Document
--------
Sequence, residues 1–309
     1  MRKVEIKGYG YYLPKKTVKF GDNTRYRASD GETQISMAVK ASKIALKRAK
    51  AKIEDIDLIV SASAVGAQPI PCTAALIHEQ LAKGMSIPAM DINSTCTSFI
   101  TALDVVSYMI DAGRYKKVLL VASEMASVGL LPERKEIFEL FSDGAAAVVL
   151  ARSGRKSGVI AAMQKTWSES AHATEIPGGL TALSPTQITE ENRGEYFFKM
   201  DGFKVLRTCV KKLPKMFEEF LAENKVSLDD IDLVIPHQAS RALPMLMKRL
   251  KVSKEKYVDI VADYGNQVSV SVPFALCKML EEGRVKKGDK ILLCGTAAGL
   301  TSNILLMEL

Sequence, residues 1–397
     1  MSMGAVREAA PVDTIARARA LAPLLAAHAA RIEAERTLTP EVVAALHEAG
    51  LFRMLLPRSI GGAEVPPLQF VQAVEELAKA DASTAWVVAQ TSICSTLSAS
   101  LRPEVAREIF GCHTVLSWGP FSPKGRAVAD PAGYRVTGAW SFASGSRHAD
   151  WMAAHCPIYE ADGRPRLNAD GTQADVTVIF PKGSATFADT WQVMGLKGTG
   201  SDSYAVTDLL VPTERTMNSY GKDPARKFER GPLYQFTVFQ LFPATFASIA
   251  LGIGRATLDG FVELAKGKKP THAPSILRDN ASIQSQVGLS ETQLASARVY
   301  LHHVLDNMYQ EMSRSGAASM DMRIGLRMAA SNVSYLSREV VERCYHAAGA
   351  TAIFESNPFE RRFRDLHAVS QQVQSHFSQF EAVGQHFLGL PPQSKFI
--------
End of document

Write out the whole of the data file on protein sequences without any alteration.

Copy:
Sequence, residues 1–309
     1  MRKVEIKGYG YYLPKKTVKF GDNTRYRASD GETQISMAVK ASKIALKRAK
    51  AKIEDIDLIV SASAVGAQPI PCTAALIHEQ LAKGMSIPAM DINSTCTSFI
   101  TALDVVSYMI DAGRYKKVLL VASEMASVGL LPERKEIFEL FSDGAAAVVL
   151  ARSGRKSGVI AAMQKTWSES AHATEIPGGL TALSPTQITE ENRGEYFFKM
   201  DGFKVLRTCV KKLPKMFEEF LAENKVSLDD IDLVIPHQAS RALPMLMKRL
   251  KVSKEKYVDI VADYGNQVSV SVPFALCKML EEGRVKKGDK ILLCGTAAGL
   301  TSNILLMEL

Sequence, residues 1–397
     1  MSMGAVREAA PVDTIARARA LAPLLAAHAA RIEAERTLTP EVVAALHEAG
    51  LFRMLLPRSI GGAEVPPLQF VQAVEELAKA DASTAWVVAQ TSICSTLSAS
   101  LRPEVAREIF GCHTVLSWGP FSPKGRAVAD PAGYRVTGAW SFASGSRHAD
   151  WMAAHCPIYE ADGRPRLNAD GTQADVTVIF PKGSATFADT WQVMGLKGTG
   201  SDSYAVTDLL VPTERTMNSY GKDPARKFER GPLYQFTVFQ LFPATFASIA
   251  LGIGRATLDG FVELAKGKKP THAPSILRDN ASIQSQVGLS ETQLASARVY
   301  LHHVLDNMYQ EMSRSGAASM DMRIGLRMAA SNVSYLSREV VERCYHAAGA
   351  TAIFESNPFE RRFRDLHAVS QQVQSHFSQF EAVGQHFLGL PPQSKFI